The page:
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SMART Goals For A New Year



With the new year beginning we often set resolutions to improve ourselves while we feel the optimism of change and a full year worth of time to reach for better choices and make those changes we haven’t done yet. While this is a great practice of goal setting and self-improvement,  resolutions that are broad and vague often don’t get accomplished. Statistics show less than 25% of people stick to their resolutions after 30 days and only 8% of people complete them. As a therapist I love helping my clients to reach their health and wellness goals and improve their everyday life. With this tip I hope your new year’s resolutions become attainable and help you start the year off the right way!

If you are making changes this year, a great way to boost your likelihood of achieving them is to set SMART Goals instead of resolutions! SMART Goals are a mnemonic for Specific, Measurable, Attainable, Realistic/Relevant and Time Bound. This type of goal setting creates a solid idea and time frame to achieve change. Instead of saying “I want to start working out this year,” try, “I will go to the gym for a half-hour on Monday, Wednesday, and Friday after work each week.” To explain why this matters, each section is explained below.

Specific:   When you give a goal action words “ I will”  instead of “I want to” the goal changes from a passive idea to a task that you actively involve yourself in. This changes the way you view the goal and makes it something that requires your input to accomplish.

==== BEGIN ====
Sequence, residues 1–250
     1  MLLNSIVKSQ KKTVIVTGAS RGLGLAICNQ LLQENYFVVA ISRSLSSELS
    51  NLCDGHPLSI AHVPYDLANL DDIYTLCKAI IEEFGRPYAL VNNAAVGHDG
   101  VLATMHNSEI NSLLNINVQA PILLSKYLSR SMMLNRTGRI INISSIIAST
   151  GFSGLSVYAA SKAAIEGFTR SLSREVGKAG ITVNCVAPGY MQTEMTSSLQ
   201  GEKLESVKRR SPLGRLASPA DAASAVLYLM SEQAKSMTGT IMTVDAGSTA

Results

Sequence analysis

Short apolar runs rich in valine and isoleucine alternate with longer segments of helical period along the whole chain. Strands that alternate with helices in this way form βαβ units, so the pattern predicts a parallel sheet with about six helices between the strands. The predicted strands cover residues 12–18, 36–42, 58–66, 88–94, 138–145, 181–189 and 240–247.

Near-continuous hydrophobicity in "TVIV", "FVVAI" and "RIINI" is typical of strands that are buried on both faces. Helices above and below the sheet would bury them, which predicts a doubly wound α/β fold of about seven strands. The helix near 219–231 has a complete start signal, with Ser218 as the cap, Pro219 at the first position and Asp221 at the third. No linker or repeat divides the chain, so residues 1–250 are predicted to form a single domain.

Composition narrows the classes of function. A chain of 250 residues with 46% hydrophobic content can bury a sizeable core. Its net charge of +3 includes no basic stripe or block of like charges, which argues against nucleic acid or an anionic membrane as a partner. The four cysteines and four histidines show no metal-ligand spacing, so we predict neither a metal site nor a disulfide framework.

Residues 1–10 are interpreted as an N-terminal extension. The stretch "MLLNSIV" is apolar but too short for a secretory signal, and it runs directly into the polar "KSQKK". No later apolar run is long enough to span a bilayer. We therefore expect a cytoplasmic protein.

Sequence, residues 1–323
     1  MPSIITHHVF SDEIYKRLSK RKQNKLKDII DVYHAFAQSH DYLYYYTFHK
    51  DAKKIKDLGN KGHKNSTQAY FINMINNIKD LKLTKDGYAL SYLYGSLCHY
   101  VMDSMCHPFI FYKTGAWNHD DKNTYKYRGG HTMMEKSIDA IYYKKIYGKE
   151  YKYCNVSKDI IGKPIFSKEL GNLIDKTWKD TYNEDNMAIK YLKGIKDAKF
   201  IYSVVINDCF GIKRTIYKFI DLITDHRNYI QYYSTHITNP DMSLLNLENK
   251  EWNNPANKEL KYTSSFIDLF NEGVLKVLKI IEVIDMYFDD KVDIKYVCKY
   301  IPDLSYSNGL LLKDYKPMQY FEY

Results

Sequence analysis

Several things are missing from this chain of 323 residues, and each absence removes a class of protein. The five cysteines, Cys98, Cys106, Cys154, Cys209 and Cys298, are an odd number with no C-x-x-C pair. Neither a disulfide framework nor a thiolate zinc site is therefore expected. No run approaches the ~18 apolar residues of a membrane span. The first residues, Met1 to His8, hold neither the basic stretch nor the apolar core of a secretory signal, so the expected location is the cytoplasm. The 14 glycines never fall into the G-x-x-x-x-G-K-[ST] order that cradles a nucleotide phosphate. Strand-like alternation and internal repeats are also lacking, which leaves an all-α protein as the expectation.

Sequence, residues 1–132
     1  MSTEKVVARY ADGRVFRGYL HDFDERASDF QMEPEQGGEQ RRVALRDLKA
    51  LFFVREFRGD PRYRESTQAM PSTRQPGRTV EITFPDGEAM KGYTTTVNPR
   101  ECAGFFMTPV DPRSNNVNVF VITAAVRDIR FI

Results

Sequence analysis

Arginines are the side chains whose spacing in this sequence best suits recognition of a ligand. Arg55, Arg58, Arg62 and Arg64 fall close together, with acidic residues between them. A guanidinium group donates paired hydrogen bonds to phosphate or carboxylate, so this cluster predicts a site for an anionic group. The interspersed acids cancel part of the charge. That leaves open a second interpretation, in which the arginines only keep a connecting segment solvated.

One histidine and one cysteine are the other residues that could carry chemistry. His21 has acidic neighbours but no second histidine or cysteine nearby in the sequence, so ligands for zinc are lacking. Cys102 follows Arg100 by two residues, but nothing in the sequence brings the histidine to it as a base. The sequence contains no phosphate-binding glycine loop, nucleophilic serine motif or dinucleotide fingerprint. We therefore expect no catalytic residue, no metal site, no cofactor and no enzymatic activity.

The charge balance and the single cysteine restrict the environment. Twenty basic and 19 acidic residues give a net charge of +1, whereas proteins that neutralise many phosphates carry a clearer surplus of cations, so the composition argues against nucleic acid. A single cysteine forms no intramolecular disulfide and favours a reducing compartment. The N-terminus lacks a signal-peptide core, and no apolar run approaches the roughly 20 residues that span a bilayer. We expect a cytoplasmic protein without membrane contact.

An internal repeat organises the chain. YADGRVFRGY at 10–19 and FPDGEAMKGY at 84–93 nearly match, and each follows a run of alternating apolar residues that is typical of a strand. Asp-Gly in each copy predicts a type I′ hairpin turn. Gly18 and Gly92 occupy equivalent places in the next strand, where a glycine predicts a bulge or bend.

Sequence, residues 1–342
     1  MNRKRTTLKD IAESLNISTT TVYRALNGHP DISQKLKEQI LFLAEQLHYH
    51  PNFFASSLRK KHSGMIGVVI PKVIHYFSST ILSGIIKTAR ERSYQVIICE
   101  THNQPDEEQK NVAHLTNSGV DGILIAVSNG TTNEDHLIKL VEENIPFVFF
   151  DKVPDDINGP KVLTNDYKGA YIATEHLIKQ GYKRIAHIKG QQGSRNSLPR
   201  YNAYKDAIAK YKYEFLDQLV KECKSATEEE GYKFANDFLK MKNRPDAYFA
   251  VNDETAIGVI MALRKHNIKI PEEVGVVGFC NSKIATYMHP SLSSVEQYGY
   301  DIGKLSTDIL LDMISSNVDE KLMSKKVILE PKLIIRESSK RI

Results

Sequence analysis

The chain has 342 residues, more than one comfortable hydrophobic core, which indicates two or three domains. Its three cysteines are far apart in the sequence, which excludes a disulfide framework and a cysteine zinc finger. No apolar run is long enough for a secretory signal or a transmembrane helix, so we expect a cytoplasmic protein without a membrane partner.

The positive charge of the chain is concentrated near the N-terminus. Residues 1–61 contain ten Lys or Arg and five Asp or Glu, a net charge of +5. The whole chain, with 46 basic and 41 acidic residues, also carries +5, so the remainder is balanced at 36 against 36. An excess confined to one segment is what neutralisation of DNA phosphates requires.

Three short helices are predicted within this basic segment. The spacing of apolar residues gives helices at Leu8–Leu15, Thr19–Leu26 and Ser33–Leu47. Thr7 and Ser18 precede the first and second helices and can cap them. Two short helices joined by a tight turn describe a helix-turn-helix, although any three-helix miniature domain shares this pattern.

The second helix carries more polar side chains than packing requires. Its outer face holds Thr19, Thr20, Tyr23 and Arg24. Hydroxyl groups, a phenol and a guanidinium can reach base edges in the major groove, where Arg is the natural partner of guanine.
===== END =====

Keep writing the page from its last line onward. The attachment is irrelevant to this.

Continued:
Measurable:   Goals that can be measured allow us to see our progress. Often seeing an outcome to a task is more motivating than putting in work without noticeable return. If you are working on a goal that does not create a product like art or cooking, keeping a log of what you have accomplished and what still needs work can help you measure progress.

Attainable, Realistic:  When present in a moment full of optimism and the feeling that you can do anything, our ambition can reach pretty far. It is great to have large goals that you want to accomplish, however, taking baby steps to get there will make the difference. Similar to learning new skills or changing habits our small daily choices make all the difference. When setting a smart goal aim for small victories to build upon. You can always move the goalpost and make your new goal a larger challenge, however if you begin with something too large, getting started may seem intimidating and delay our action. Remember to start small and grow from there.

Relevant: Goals that are related to our everyday activity are easier to incorporate into our busy calendars. If goals are related to what we do each day and are important to improving our immediate situation they gain weight and importance. A good example is learning a new language. It is easier to learn a new language when an upcoming trip or move to another country is planned and happening soon. Because of the time relationship between the usefulness of accomplishing the goal and setting it the importance is a factor and we are more likely to start and continue working on it.  

Timed:   Adding a time frame to a goal allows you to schedule time to put in work towards accomplishing the goal. It is easy to put off change if there isn’t a due date. With attainable goals setting small weekly or daily goals that will add up to the final goal will help to keep you on track and actively involved in attaining your goal.

So if you are setting resolutions and goals for 2019, be it getting a regular massage, going to the gym, or eating healthier, remember to be SMART! Start small and remember to celebrate your accomplishments along the way. If you have a SMART Goal I would love to hear it and hope that you succeed in your yearly endeavor!

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